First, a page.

Being dependent intelligently Barry Magid February 13th 2010

In the teachings of my teacher, Joko Beck, I might use her admonition to “suffer intelligently” to sum up what she taught all those years. I would say that goes up there with her other life-affirming sayings like, “relationships don't work,” and “there’s no hope.” A very grandmotherly teacher. She wanted to bring a sense of emotional reality into the practice of Zen, not have it be in the service of some transcendental project but down to earth, where we live, our day-to-day emotional lives.

As I reflect on that teaching now, I find that I would probably add to “suffer intelligently,” my own expression of that in the form of “be dependent intelligently.” I think these are two sides of the same coin but they create a different emphasis. Suffer intelligently, I think, focuses on the side of the gap that inevitably arises between our expectations of life and other people and how life actually is moment to moment. And so her idea of practice was confronting that gap, and life always presented a gap between reality and expectation, so each moment, life as it is, was always a teacher. And basically she would say, Where there’s a gap between expectation and reality, which one do you think is supposed to give?

Now we can put a lot of effort into trying to make reality change, and there’s nothing wrong with that. There’s a whole side of changing reality that gets summed up in things like, When you're hungry, eat. When you’re thirsty, drink. When you’re tired, sleep, and so forth. They’re very straightforward ways in which you can say Zen practitioners are allowed to come in out of the rain, you don’t have to just stand there. You can change reality, but there’s going to be a point at which reality is an immovable object and you’re going to have to be stuck with it not meeting some level of expectation.

For Joko there’s sort of an image of reality being a kind of grindstone that you put your expectations up against, and self and expectation in that book are pretty synonymous, so you use just that endless gap, that endless failure of reality to meet expectation as a way gradually to just wear down expectation or this kind of curative fantasy or narcissistic demand that life should conform to my expectation. So she focused on that gap, the idea being that when there’s truly no separation, when we’re really willing to fully meet life as it is, including the suffering in life, that’s compassion’s way. There’s also the path of joy as well as compassion. Because then there’s this free non-separate flow and functioning of ourselves in the midst of life regardless of its content.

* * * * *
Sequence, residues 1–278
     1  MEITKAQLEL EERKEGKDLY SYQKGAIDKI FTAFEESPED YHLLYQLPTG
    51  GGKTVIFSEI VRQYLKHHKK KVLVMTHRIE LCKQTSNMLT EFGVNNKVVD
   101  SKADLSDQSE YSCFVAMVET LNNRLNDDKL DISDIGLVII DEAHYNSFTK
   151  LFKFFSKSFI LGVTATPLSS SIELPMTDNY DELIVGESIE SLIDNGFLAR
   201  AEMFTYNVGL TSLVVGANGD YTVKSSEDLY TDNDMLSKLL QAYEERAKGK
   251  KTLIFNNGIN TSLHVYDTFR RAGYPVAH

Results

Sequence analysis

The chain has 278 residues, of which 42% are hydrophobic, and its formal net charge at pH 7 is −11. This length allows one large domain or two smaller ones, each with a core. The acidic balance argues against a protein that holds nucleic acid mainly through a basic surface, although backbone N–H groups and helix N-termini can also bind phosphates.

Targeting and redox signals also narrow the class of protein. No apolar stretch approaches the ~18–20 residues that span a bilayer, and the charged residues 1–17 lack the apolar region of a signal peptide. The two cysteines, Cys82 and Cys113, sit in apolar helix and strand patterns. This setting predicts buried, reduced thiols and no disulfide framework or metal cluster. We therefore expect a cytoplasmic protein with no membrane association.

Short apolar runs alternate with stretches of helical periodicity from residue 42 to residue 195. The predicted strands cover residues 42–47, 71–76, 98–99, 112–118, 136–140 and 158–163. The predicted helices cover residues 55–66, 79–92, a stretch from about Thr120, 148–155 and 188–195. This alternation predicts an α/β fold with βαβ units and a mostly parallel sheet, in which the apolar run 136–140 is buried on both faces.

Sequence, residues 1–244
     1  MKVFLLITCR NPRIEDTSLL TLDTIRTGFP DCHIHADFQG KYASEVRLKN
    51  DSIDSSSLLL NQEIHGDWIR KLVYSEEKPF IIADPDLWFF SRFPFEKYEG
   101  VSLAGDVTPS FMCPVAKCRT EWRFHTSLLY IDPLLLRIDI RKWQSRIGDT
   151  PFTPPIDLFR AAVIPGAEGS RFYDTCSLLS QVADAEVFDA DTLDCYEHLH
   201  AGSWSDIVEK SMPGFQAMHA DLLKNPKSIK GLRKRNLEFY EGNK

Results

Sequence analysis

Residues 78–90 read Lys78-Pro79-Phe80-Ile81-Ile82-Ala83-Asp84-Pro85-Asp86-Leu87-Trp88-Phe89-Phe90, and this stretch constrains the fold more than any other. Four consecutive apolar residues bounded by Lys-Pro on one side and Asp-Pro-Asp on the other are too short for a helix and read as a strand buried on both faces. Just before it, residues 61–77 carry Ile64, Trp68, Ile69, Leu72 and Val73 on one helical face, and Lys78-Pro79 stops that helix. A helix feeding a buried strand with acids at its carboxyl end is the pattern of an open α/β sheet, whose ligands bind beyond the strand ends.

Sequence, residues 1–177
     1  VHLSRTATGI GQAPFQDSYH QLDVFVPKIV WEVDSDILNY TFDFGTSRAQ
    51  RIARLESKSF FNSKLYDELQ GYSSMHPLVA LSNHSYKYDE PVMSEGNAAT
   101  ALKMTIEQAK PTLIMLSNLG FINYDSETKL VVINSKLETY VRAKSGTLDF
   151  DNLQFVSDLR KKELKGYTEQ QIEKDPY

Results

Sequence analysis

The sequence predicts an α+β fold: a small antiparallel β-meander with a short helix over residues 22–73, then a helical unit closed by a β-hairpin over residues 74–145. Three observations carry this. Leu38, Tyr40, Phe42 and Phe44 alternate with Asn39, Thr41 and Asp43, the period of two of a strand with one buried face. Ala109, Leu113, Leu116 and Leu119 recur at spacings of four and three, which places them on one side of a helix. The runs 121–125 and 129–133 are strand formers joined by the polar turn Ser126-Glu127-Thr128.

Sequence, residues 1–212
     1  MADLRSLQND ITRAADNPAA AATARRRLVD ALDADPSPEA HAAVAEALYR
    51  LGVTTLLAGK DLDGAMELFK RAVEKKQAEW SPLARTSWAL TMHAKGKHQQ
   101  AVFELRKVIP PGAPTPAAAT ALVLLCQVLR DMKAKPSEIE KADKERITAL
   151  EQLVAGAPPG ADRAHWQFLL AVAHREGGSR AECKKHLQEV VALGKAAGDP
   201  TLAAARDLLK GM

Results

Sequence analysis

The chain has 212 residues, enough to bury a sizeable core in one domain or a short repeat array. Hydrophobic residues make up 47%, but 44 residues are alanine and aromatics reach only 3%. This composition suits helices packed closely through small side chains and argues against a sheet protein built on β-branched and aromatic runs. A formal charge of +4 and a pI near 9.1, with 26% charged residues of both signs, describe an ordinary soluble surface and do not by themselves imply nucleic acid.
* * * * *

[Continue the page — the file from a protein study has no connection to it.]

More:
However, there’s a side to her metaphors, particularly how relationships don’t work, and relationships, when she talks about them that way, are all about, What do you expect from another person? And how do you expect them to be an antidote to your needs, your loneliness, or whatever, right? And so, the not-work aspect of relationships focuses on that expectation gap. And at one point she said, I could live with anybody, which for her meant, I can just be with anybody with no expectations whatsoever and I’ll let them be who they are, and however difficult that is, I will just practice with that.

I think that’s a very useful way to practice with frustration. But there’s not a lot of room in that for the positive side of relationships. Either it’s neglected or it’s taken for granted. And so I would complement what Joko says with this alternate admonition to “be dependent intelligently.” And by that I mean to put the focus of our attention back on our needs and our feelings without focusing on the gap or the frustration that they will inevitably bump up against.

See, when Joko says that I can live with anybody, it’s all on the side of frustration, where I can just deal with whatever is. It’s not much on the side of what relationships are actually for and why anybody would want one. It’s like being stuck on the subway at rush hour. You know, you just have to deal with being crowded in there with all these other people, but it doesn’t sound like anything anybody would ever choose. Why would you ever let another person into the apartment if it’s always clean and just the way you like it for yourself? Sometimes there is another person in there and you just have to deal with it, right? It’s not the most romantic vision of relationship, is it?

So I would prefer to find a way to include the side that says, We are dependent mammals that need love and nurturance and connection and groups. We’re social, dependent animals, and we all have to find a way to acknowledge and meet those needs. In the course of that there’s going to be inevitable frustration, and the challenge is not to blame the need, not to say, I’m going to use practice to get over ever needing anything or anybody. I want to become independent, more autonomous, more self-soothing, more self-directed, self-regulating, self-teaching. All these ways we’d like to dissolve our dependence on other people who are imperfect and changing.

See, that’s the problem with people. You can’t control them and they change. But we really are deeply stuck with them. Right? So that’s where the “suffer intelligently” thing comes in. We’re really stuck with each other and we have to deal with the imperfections in the other, and the fact that the other changes. This is the fundamental Buddhist picture of suffering, in that everything is going to be changing and nothing can be fixed into just the state we want and have it stay there, whether it’s our mind, our relationship or anything else about this life.